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Am J Surg Pathol. 2006 Nov;30(11):1478-82.

Systemic mastocytosis mimicking inflammatory bowel disease: A case report and discussion of gastrointestinal pathology in systemic mastocytosis.

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1
Department of Pathology, Division of Gastroenterology, Hepatology and Nutrition, University of Pittsburgh, Pittsburgh, PA, USA.

Abstract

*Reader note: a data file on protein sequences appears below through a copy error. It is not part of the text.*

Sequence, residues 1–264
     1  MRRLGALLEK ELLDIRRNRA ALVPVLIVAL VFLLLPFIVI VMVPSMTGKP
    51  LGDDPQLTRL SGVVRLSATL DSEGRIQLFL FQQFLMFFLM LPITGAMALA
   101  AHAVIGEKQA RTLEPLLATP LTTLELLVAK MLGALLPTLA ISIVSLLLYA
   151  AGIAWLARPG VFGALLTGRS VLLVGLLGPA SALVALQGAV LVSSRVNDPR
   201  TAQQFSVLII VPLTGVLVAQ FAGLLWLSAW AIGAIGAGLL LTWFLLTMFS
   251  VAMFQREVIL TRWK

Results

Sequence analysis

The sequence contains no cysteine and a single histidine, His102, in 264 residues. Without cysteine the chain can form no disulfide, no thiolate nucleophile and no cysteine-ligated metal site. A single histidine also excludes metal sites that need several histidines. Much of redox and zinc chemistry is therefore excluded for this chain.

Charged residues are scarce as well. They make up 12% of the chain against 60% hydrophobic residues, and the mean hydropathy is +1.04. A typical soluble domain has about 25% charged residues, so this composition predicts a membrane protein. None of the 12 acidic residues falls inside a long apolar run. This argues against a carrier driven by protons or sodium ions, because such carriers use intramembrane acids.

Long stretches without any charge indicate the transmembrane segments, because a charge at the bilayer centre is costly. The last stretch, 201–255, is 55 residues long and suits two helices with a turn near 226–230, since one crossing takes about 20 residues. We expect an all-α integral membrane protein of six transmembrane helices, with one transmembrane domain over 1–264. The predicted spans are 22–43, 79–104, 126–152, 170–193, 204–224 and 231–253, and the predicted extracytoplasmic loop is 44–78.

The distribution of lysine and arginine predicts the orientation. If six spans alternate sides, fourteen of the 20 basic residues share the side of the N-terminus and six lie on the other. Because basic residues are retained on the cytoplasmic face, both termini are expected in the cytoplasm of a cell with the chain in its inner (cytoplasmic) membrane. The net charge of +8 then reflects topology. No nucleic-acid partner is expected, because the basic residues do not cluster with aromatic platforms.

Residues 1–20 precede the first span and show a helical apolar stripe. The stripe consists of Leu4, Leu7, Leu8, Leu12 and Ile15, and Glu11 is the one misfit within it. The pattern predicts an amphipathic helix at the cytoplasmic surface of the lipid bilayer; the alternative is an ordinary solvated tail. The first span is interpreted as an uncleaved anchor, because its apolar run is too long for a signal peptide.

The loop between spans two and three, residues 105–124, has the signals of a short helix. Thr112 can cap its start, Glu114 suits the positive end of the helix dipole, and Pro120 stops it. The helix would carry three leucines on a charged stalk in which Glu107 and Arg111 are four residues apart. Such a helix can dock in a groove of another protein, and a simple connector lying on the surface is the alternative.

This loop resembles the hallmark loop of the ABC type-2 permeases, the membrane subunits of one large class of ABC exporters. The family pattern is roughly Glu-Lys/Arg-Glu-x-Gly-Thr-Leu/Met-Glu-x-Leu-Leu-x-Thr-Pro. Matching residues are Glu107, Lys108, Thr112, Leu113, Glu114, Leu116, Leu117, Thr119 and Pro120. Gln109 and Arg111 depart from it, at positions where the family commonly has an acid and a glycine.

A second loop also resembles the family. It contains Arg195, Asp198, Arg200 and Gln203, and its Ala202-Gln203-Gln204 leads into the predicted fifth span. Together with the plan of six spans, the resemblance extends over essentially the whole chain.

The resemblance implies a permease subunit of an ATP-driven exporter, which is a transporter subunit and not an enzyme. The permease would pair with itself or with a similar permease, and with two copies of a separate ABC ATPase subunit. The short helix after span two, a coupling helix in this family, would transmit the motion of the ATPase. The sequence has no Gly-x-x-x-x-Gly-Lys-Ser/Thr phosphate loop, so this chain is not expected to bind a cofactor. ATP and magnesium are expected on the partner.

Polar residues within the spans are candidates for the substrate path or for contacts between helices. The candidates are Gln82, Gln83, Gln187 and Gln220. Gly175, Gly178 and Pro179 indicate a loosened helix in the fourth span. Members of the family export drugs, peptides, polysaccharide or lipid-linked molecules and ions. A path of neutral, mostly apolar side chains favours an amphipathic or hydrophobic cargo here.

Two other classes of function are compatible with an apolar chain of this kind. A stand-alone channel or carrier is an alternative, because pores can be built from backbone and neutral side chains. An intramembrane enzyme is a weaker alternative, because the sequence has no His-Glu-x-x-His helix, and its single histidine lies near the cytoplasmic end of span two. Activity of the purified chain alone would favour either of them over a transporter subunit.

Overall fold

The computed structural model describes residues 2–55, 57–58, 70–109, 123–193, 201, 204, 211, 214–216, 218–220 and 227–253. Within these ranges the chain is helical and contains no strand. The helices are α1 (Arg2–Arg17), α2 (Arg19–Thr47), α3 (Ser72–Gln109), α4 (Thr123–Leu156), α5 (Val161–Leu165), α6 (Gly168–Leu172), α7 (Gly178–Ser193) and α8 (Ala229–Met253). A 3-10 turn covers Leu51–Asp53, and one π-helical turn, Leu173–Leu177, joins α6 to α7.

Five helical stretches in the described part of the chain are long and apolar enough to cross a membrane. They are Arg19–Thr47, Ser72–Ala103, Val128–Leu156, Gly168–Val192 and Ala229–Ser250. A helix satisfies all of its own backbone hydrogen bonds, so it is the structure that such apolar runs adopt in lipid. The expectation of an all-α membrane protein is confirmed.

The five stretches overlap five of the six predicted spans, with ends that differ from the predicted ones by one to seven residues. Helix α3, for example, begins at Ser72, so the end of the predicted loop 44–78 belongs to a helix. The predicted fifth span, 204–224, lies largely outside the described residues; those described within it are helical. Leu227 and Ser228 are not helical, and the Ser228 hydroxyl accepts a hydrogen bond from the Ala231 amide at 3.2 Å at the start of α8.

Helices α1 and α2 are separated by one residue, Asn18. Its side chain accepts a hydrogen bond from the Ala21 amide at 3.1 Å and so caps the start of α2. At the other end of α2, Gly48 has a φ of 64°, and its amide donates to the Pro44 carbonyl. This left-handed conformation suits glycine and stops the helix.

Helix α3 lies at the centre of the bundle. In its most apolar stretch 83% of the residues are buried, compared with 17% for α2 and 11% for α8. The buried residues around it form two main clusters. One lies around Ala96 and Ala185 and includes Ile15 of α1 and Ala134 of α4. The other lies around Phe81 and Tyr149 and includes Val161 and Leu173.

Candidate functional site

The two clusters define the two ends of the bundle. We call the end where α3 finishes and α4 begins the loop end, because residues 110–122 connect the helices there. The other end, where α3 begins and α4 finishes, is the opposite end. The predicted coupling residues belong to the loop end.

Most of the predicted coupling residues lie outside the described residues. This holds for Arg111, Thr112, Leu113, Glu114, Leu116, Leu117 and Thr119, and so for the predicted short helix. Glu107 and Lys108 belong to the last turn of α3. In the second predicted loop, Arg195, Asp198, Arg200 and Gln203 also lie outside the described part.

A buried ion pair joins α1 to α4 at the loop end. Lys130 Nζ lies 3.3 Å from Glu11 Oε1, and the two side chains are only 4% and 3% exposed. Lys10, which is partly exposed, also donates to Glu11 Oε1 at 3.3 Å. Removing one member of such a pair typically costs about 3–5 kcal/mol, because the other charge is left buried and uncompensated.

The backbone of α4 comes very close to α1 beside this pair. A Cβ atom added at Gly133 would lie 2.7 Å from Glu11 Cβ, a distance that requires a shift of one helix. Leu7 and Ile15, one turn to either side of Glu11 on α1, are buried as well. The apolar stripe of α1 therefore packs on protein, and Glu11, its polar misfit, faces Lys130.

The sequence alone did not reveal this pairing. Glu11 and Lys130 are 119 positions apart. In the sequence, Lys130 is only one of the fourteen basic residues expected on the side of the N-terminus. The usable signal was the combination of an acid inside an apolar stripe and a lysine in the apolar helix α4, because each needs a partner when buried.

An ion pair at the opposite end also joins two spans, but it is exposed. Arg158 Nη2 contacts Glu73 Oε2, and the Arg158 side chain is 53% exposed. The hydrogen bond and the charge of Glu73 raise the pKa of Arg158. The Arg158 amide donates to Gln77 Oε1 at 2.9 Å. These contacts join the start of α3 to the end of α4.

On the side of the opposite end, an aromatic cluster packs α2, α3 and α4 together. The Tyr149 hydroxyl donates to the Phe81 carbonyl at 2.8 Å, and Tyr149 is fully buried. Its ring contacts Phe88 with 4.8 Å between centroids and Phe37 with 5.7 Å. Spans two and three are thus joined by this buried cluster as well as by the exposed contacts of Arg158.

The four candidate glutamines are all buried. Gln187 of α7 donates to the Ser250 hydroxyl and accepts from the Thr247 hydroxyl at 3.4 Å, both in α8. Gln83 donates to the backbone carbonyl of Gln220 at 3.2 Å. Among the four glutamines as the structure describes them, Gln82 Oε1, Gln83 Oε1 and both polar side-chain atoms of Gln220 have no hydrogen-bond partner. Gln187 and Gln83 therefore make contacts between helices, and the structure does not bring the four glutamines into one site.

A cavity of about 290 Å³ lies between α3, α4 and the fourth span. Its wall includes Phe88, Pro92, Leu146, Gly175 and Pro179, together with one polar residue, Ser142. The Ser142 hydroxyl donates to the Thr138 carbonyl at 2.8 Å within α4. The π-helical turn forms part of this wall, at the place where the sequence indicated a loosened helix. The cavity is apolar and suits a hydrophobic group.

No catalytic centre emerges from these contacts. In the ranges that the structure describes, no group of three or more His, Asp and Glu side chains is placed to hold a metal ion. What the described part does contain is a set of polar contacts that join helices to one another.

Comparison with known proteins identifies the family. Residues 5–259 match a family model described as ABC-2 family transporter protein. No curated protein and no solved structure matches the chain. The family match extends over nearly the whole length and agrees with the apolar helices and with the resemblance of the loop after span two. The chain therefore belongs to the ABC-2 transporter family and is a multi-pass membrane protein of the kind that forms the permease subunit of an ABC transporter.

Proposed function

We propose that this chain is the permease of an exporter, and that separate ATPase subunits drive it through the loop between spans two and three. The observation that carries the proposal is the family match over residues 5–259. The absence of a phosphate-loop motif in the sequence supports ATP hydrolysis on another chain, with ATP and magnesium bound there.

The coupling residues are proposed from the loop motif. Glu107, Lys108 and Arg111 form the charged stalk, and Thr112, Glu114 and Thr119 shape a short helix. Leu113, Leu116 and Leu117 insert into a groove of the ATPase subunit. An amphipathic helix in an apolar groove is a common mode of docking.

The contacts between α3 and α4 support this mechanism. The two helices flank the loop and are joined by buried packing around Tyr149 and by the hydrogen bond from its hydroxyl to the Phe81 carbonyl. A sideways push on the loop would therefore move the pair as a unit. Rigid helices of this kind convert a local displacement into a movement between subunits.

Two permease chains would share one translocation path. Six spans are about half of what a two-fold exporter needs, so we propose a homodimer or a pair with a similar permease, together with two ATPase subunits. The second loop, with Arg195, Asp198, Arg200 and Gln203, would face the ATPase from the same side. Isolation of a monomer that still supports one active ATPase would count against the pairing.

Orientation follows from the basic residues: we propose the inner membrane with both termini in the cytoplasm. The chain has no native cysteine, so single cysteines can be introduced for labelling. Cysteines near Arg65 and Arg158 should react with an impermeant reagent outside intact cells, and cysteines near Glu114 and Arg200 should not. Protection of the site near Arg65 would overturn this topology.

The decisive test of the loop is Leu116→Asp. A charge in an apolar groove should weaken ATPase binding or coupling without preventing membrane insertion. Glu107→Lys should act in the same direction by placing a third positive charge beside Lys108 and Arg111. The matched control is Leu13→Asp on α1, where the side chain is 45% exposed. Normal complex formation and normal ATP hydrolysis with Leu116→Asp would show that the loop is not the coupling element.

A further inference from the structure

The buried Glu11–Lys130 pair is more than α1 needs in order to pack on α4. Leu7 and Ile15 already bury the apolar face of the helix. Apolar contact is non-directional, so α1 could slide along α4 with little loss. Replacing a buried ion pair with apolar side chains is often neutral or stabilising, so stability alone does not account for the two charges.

Gastrointestinal (GI) symptoms are present in up to 80% of patients with systemic mastocytosis (SM). GI symptoms include mainly abdominal pain, diarrhea, nausea, and vomiting. It is believed that most of the GI symptoms are due to the secondary effect of mast cell mediators on the GI tract. Direct involvement of the GI tract by neoplastic mast cell infiltration has not been well documented. We report a case of SM that initially mimicked inflammatory bowel disease based on clinical, radiographic, endoscopic, and histopathologic findings. On routine histologic sections of small bowel and colonic mucosal biopsies, there was expansion of the lamina propria by mononuclear inflammatory cells, foci of erosions with associated acute inflammation, and evidence of chronic mucosal injury with architectural distortion and gland foreshortening. Only on repeat biopsies and with ancillary tests for mast cells was a diagnosis of SM made, with extensive involvement of the GI tract. This is the first reported case of SM presenting as and mimicking inflammatory bowel disease. It is critical that clinicians and pathologists are aware that neoplastic mast cells in patients with SM can infiltrate the mucosa throughout the GI tract and that this infiltration can lead to symptoms and findings that can mimic inflammatory bowel disease.

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